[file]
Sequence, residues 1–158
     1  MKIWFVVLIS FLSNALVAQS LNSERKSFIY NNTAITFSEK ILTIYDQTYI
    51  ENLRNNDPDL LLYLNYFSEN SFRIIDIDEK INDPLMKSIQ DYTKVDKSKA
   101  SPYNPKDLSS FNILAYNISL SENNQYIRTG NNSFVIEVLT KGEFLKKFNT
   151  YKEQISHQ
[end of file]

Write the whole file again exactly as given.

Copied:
Sequence, residues 1–158
     1  MKIWFVVLIS FLSNALVAQS LNSERKSFIY NNTAITFSEK ILTIYDQTYI
    51  ENLRNNDPDL LLYLNYFSEN SFRIIDIDEK INDPLMKSIQ DYTKVDKSKA
   101  SPYNPKDLSS FNILAYNISL SENNQYIRTG NNSFVIEVLT KGEFLKKFNT
   151  YKEQISHQ